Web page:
The National Air Transportation Association (NATA) has acquired the Aviation Training Institute (ATI) from Denver-based Aviation Resource Group International. ATI was formed to deliver line service training to FBOs and will dovetail with NATA’s “Safety First” certification program for line service personnel.
Aviation insurance rates can be affected by the vagaries of the stock and investment markets, insurance claims unrelated to the aviation industry and historic peaks and valleys in policy pricing. And further cost pressures are added because the number of aviation insurers continues to decrease.
Following last September 11, aircraft owners and operators began bracing for massive hikes in insurance coverage and changes in the limits of that coverage. Now, a year later, their fears are being realized. But while rates have risen, sometimes triple those before September 11, the increases are not without some justification. The question is, just how much is justified?
Eclipse Aviation announced that it will partner with underwriter Global Aerospace Underwriters to provide hull and liability insurance to owners of owner-flown Eclipse 500s.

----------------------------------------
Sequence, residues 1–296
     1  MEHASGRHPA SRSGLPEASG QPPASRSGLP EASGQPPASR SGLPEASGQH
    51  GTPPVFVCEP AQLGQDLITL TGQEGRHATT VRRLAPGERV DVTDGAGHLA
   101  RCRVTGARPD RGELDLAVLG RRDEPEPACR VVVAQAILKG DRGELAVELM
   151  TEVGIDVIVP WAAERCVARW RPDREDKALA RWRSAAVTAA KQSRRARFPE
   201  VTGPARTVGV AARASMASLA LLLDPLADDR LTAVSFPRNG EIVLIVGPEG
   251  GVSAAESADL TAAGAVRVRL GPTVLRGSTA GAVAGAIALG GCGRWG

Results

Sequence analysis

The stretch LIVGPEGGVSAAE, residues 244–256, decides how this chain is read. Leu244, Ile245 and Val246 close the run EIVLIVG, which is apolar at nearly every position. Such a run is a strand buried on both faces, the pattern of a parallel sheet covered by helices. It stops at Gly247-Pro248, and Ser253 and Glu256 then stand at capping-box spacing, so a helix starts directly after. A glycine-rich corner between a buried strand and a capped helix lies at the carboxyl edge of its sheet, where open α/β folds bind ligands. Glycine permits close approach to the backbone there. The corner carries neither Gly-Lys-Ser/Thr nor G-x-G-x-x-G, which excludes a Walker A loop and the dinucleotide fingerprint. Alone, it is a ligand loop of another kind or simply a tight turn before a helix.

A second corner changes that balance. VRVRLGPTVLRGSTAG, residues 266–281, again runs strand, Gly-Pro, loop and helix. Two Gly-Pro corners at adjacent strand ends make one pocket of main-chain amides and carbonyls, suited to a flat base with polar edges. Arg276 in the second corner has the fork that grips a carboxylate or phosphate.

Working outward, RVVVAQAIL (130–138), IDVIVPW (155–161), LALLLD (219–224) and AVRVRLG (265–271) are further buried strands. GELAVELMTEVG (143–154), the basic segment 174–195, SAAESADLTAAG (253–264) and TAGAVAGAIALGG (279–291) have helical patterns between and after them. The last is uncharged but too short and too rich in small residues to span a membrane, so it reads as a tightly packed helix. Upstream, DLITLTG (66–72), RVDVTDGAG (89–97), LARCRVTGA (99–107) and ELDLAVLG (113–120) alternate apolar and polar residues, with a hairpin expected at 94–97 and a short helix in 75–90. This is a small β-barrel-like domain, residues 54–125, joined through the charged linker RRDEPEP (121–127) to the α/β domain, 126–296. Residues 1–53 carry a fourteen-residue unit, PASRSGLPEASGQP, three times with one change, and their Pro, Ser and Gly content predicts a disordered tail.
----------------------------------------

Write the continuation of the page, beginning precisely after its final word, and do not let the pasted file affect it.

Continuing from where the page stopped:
“In the next 60 to 90 days, you’re going to see security in the United States like you’ve never seen before,” said retired U.S. Navy admiral Isaac Richardson in late June. “A portion of the nation’s reappraisal took a very hard look at general aviation…and the threat posed by general aviation aircraft as weapons.”
Insurance underwriter Global Aerospace will partner with Eclipse Aviation, manufacturer of the Eclipse 500 personal jet, to provide hull and liability insurance to owners of the new five-passenger personal jet.
Corporate aviation operators at all levels received good and bad news from insurance representatives at the 26th annual Aviation Insurance Association conference held in Kansas City, Mo., on April 29 and 30.
Insurance premiums for professionally flown corporate aircraft have decreased slightly off their peaks of last year, but charter and helicopter operators and FBOs are not seeing the same relief, though their rates have generally stabilized.
In a world of uncertainty, life insurance remains a priority for many business aviation pilots. Unfortunately, it also remains a much misunderstood subject.
This year’s Aviation Insurance Association (AIA) conference, held from April 28 to May 1 in Palm Springs, Calif., convened in the atmosphere of an aircraft insurance market that is putting smiles on the faces of aircraft operators while underwriters and brokers tussle in a highly competitive business environment.